Lactase


Lactose intolerance is a digestive issue most people are familiar with. Do you know the exact reason so many people have trouble digesting dairy?

Read on to learn about the critical role of lactase in this process. Below we will cover what exactly lactase is, what it does, and why we just can’t seem to get enough of it.

What Is It?

Lactase [1] is an enzyme, produced by and found in the small intestine. Typically, this enzyme is found in lower levels as we age. This is because its biological function was originally only intended for babies.

What Is Its Biological Role?

The one and only purpose of lactase is to break down lactose [2] so that it can be properly absorbed by our bodies. Lactose is the sugar found in milk, and therefore, in all dairy products. Lactose is a disaccharide, meaning it is composed of two separate sugars that are bound together to form the lactose molecule.

These sugars are glucose and galactose. Lactase is the only enzyme in our bodies that can sever the bond between these two monosaccharides. With the bond remaining intact, proper digestion is disrupted, which results in the condition commonly known as lactose intolerance. Lactase levels in our bodies drop as we age, because human lactase was evolutionarily intended to help infants digest their mother’s breast milk.

The idea was that, once children were weaned, they would follow in the footsteps of every other mammal on earth and cease to consume milk at all. We humans had a slightly different idea. The domestication of cattle meant that we started to consume their milk throughout our lifetimes, and transformed it into other dairy products such as cheese and ice-cream.

However, many of us still do not have the amount of lactase in our body needed to properly digest all the lactose we consume, which means we also miss out on fully absorbing any nutrients consumed at the same time as the lactose. This is why digestive aid lactase supplements were created, they temporarily increase the amount of lactase in your body, allowing you to digest dairy.

How Does It Help Bodybuilders and People Who Work Out?

Regardless of how you work out, most people who spend a lot of time in the gym know their way around a protein shake. They’ll have favorite brands, flavors, even blender bottles. Bodybuilders and competitive athletes in particular, tend to favor protein blends that contain casein or whey protein.

This is because these proteins are particularly suited for muscle growth. The downside is that they also come from dairy. Even though they are powdered, isolated forms of the protein, they still contain at least some lactose. Now, lactose intolerance occurs at varying levels.

Even if it isn't enough to make you feel like vomiting, minor lactose intolerance may keep you from getting the most out of your workouts and protein shakes by slowing you down and keeping you from absorbing all the nutrients you’re putting in your body.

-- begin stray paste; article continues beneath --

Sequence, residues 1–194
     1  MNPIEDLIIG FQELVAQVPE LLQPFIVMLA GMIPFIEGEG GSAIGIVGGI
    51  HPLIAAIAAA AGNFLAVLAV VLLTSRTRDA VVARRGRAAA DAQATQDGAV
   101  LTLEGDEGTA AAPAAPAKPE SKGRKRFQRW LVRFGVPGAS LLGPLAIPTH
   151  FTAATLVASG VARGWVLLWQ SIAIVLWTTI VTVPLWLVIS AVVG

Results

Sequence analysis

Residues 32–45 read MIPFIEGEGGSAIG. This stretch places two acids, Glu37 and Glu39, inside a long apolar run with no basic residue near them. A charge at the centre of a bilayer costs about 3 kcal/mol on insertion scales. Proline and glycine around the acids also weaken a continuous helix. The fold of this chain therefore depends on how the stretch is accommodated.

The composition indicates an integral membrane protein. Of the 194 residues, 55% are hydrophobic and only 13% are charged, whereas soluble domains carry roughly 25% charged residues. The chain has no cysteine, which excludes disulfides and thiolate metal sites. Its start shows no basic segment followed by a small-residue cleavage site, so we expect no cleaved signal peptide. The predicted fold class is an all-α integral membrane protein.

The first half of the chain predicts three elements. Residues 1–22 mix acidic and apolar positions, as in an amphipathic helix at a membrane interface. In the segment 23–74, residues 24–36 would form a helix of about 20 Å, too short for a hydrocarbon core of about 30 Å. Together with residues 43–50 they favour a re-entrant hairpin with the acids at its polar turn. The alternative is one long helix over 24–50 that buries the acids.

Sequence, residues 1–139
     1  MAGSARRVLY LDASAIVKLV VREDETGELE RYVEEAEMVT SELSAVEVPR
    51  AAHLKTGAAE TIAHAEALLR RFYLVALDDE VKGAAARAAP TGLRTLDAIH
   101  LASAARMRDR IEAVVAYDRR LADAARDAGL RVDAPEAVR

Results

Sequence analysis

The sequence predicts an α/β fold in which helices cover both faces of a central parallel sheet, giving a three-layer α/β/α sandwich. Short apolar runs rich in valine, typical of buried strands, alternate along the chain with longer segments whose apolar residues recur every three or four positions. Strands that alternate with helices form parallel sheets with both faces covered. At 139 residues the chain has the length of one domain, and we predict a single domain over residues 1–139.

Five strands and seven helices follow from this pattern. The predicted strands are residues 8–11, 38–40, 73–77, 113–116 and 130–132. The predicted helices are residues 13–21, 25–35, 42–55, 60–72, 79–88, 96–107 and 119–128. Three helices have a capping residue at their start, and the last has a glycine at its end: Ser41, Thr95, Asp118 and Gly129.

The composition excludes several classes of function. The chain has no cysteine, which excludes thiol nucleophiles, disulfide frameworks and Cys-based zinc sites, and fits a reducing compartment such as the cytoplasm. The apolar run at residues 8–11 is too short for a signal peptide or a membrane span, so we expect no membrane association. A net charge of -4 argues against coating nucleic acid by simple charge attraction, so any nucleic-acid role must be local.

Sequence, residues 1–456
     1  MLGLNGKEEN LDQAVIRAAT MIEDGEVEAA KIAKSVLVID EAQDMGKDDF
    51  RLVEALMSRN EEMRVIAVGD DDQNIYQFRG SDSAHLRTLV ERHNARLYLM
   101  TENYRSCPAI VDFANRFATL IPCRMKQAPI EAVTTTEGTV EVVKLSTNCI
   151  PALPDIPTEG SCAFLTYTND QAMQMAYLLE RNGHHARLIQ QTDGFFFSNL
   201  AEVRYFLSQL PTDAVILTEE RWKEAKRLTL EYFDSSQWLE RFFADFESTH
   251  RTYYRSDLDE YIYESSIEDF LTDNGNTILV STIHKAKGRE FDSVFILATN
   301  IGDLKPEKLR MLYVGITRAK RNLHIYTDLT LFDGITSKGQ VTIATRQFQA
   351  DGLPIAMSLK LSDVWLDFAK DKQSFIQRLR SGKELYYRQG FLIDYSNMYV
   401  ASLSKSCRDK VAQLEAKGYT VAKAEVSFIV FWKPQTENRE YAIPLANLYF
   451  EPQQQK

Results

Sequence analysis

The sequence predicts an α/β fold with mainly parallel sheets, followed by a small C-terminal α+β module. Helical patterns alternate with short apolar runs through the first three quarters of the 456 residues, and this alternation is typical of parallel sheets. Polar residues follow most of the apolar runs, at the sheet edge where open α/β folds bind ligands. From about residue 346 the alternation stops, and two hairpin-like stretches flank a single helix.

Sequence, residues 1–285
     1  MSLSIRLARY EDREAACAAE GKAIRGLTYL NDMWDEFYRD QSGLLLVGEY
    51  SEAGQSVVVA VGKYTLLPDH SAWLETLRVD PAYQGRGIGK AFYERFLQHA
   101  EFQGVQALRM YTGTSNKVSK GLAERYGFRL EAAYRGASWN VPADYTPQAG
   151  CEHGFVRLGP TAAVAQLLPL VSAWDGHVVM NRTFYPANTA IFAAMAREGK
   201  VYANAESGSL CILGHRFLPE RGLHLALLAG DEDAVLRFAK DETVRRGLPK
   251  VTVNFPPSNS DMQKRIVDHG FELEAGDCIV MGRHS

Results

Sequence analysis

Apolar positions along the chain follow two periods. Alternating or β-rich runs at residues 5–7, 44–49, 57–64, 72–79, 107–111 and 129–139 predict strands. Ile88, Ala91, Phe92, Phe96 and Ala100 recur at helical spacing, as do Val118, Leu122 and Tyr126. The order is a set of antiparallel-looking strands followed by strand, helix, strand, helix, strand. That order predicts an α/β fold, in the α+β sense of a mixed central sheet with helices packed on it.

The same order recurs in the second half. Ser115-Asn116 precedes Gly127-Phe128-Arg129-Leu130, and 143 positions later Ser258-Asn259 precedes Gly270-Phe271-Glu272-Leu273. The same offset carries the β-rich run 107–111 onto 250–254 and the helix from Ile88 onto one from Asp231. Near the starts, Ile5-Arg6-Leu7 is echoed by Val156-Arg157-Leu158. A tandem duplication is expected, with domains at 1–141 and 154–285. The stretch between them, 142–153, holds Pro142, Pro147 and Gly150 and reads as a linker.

This is why, if you consume dairy regularly and have a focus on optimal nutrition, it can be beneficial to take some lactase supplements when you consume dairy to ensure you are really reaping the benefits of your diet and exercise plan.

What Foods Contain It?

Lactase occurs only in our bodies, and in digestive enzyme supplements. It is something naturally produced by mammals to handle the digestion of lactose and so can only be found from the aforementioned sources.

How Much Of It Do You Need?

How much lactase your body uses depends on how much lactose it needs to digest. If you eat a lot of dairy, your body is going to need more lactase to break it down. There is no officially recognized recommendation for consuming lactase enzyme supplements--if you choose to do this to alleviate symptoms of lactose intolerance, the best advice is simply to follow the dosing directions on the packing of your chosen lactase supplement.[3]

Are There Risks Associated With Consuming Too Much Of It?

All else being equal, there is no known danger in taking too high of a dose of lactase supplements. Its only function is to act on lactose’s disaccharide bond so that your body can properly digest it.

However, always consult with your primary doctor to ensure this does or does not apply to you as well, only you and your doctor know what your body is capable of handling.

Are There Risks Associated With Consuming Too Little Of It?

Too little lactase in your body results in a condition known as lactose intolerance. Lactose intolerance results in unpleasant digestive distress whenever lactose is consumed, including nausea, stomach cramps, and diarrhea. Interestingly, this condition is technically quite normal.

Called Lactase Non-Persistence (LNP), your body’s sudden decrease in lactase levels is scientifically considered natural and an expected part of the weaning process all infants go through.

Most people are able to cope with moderate lactose intolerance by simply avoiding dairy and suffering the occasional stomach ache from accidental exposure. That stomach, though, does mean you miss out on digesting essential nutrients.

So if you are a fitness enthusiasts who relies on protein shakes to give you an edge at the gym, it may be time to consider lactase supplements.

References:

[1] Wikipedia. Lactase. Wikipedia.com, 2017.

[2] Pritchard, Joseph. What Are The Functions of The Enzyme Lactase?. Livestrong.com, 2015.

[3] WebMD. Lactase: Uses, Side Effects, Interactions and Warnings. Webmd.com, 2015.